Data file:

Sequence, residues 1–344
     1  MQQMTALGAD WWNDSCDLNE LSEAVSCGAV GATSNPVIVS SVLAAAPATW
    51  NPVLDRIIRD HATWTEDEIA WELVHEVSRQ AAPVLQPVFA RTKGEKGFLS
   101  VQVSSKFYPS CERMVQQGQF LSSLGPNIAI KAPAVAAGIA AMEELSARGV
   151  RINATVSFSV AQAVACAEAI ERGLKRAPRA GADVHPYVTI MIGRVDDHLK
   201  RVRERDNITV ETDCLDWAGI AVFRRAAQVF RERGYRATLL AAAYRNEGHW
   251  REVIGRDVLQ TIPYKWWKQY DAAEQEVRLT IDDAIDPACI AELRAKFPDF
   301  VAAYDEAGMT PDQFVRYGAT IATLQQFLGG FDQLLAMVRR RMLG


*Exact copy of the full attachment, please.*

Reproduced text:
Sequence, residues 1–344
     1  MQQMTALGAD WWNDSCDLNE LSEAVSCGAV GATSNPVIVS SVLAAAPATW
    51  NPVLDRIIRD HATWTEDEIA WELVHEVSRQ AAPVLQPVFA RTKGEKGFLS
   101  VQVSSKFYPS CERMVQQGQF LSSLGPNIAI KAPAVAAGIA AMEELSARGV
   151  RINATVSFSV AQAVACAEAI ERGLKRAPRA GADVHPYVTI MIGRVDDHLK
   201  RVRERDNITV ETDCLDWAGI AVFRRAAQVF RERGYRATLL AAAYRNEGHW
   251  REVIGRDVLQ TIPYKWWKQY DAAEQEVRLT IDDAIDPACI AELRAKFPDF
   301  VAAYDEAGMT PDQFVRYGAT IATLQQFLGG FDQLLAMVRR RMLG